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St Mary, Haversham, Buckinghamshire

(52°4′38″N, 0°47′35″W)
SP 828 428
pre-1974 traditional (England and Wales) Buckinghamshire
now Milton Keynes
medieval St Mary
now St Mary
  • Ron Baxter
02 March 2017

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Haversham is a village on the N edge of Milton Keynes and the N bank of the River Great Ouse. It extends along the minor road linking Castlethorpe and Newport Pagnell with the church isolated on a short spur road to the S. St Mary's has a 12thc nave with 3-bay aisles, and a 13thc chancel, refenestrated in the 14thc, with an organ room on the S side. The nave apparently had no W tower originally but one was added in the 14thc, turning the W doorway into a narrow tower arch. The area under the tower is now largely occupied by lavatories, and there is a curtained-off kitchen area at the W end of the N aisle. The outstanding feature of the church is the alabaster effigy of a lady under a slightly older canopy, said to be that of Lady Clinton and dated to the 1420s. The nave W doorway and W window are the only features recorded here.


Haversham was held by William Peverel in 1086, when it was a large manor of 10 hides. The Domesday Survey lists 16 villans, 8 bordars and 5 slaves, along with a mill, a fishery, meadow and woodland for 300 pigs. Before the Conquest it was held by Countess Gytha, wife of Earl Ralf of Hereford. Haversham was attached to the Honour of Peverel and remained part of it until the early 16thc. The 12thc tenants took their name from the manor. Robert and Nicholas de Haversham were mentioned in 1174-77, and Hugh de Haversham was recorded as the tenant between 1190 and 1220. He was succeeded by Nicholas of that name, who died c.1251 leaving a wife, Joan, and an infant daughter Maud. Maud was to marry James de la Plaunche, who held the manor in right of his wife until he died in 1306. The remainder of the history of the manor will be found in VCH.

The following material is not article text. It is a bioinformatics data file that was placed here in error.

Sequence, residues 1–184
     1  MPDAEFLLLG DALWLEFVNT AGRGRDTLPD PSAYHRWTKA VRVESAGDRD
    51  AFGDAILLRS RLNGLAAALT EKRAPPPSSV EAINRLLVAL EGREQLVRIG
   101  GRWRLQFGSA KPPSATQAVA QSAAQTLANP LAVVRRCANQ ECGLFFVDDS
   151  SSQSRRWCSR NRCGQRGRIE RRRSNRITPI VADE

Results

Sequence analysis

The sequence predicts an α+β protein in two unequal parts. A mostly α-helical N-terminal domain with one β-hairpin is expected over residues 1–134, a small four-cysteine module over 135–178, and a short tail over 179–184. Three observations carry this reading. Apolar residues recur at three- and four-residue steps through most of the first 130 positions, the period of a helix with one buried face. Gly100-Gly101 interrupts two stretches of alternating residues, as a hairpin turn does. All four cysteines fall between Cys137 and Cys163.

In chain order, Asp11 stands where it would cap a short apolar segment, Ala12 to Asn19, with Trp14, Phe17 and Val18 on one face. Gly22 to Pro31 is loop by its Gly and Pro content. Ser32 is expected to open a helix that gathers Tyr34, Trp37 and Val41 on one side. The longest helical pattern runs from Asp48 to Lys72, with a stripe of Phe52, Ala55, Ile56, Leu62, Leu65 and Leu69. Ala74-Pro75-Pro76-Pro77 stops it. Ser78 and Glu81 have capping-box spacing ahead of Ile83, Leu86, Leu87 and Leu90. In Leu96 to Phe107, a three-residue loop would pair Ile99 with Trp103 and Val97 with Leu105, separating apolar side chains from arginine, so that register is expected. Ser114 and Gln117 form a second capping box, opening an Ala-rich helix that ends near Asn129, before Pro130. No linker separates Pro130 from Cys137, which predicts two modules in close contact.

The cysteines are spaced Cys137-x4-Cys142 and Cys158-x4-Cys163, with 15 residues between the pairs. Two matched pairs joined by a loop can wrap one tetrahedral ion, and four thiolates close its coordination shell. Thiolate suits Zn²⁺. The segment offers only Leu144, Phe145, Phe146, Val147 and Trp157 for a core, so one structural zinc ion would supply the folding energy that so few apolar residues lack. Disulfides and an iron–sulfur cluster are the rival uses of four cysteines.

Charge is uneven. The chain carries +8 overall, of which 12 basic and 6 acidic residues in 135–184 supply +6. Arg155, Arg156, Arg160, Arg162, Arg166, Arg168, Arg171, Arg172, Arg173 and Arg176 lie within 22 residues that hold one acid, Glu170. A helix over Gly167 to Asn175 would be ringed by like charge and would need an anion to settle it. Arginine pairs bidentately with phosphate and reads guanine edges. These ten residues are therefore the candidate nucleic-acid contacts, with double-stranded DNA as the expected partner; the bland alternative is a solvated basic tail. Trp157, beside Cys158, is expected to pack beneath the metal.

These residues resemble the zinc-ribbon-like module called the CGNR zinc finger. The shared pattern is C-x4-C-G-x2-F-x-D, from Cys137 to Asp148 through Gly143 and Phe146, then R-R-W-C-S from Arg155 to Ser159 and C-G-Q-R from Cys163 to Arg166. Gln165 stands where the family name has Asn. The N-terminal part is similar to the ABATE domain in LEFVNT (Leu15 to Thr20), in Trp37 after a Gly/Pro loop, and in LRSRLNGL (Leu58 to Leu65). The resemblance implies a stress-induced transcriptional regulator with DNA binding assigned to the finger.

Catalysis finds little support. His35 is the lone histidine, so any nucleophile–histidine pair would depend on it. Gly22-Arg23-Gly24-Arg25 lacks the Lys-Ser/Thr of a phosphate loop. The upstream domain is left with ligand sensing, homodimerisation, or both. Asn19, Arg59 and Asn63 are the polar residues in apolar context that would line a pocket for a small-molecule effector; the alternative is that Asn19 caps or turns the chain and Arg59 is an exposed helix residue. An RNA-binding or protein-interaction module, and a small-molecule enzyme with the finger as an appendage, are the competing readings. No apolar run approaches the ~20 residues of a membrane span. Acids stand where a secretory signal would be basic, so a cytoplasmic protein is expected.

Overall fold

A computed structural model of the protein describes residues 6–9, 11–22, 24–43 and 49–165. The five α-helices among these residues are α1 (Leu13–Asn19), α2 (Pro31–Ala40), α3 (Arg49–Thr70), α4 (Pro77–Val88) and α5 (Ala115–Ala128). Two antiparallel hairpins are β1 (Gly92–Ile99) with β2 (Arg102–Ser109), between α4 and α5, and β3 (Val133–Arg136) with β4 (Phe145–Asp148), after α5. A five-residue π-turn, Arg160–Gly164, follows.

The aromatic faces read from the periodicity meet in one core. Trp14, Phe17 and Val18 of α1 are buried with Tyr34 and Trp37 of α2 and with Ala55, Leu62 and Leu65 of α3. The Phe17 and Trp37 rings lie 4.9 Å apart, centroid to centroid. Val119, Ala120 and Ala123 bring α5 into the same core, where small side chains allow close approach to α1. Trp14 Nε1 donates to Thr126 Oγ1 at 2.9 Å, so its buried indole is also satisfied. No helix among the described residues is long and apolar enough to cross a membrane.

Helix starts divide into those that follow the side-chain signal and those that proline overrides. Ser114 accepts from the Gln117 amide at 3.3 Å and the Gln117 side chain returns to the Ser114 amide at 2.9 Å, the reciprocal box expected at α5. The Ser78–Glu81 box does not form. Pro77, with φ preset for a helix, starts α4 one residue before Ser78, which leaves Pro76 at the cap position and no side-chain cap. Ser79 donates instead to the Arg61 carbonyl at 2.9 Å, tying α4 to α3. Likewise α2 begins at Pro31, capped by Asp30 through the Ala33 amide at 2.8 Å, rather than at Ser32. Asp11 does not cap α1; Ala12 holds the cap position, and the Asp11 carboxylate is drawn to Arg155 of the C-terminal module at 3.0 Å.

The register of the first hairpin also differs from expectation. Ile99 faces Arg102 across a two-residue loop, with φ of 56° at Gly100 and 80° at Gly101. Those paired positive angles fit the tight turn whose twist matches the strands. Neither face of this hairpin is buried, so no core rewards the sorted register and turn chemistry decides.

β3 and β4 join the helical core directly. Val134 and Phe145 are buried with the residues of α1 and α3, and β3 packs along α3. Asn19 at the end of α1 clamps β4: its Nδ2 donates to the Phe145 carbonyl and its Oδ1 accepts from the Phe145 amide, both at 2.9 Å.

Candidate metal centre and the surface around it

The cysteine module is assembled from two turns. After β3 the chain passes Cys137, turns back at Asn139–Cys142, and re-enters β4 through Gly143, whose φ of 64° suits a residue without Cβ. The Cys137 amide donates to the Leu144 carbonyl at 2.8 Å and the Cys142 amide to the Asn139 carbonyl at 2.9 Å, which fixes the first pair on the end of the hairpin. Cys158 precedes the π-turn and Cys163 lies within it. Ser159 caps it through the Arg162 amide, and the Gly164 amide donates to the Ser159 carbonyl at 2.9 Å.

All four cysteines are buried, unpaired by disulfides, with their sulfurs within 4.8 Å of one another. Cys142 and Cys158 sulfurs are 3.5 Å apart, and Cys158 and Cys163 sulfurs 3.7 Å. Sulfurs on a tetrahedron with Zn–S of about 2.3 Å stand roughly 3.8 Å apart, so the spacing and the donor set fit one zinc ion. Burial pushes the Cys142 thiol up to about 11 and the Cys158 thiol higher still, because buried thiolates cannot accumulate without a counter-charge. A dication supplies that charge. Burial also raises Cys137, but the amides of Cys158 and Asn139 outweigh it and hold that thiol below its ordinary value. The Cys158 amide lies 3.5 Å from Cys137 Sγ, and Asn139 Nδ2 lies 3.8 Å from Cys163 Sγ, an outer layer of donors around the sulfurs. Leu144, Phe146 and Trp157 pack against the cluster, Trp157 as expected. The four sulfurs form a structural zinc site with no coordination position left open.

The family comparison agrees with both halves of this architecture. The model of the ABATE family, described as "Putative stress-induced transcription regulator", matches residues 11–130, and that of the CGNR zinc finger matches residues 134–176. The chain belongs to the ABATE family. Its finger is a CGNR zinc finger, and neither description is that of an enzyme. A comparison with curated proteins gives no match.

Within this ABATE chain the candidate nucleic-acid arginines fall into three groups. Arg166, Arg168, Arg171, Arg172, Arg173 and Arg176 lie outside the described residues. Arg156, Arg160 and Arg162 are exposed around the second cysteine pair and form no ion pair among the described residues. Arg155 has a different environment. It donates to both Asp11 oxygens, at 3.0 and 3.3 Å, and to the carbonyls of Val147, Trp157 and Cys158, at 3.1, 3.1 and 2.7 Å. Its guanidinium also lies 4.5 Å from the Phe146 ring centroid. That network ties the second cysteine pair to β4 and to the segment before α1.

Exterior Features


Interior Features


Tower/Transept arches

VCH suggests c.1160 and RCHME c.1170 for the W wall of the nave, the only Romanesque fabric which includes both of the features described here. We are grateful to Sue Blake for her photograph of the W window.


Historic England Listed Building 351002

N. Pevsner, Buildings of England: Buckinghamshire. London 1960, 159.

RCHME, An Inventory of the Historical Monuments in the County of Buckingham. Volume 2 (north). London 1913, 143-46.

Victoria County History: Buckinghamshire. IV (1927), 366-72.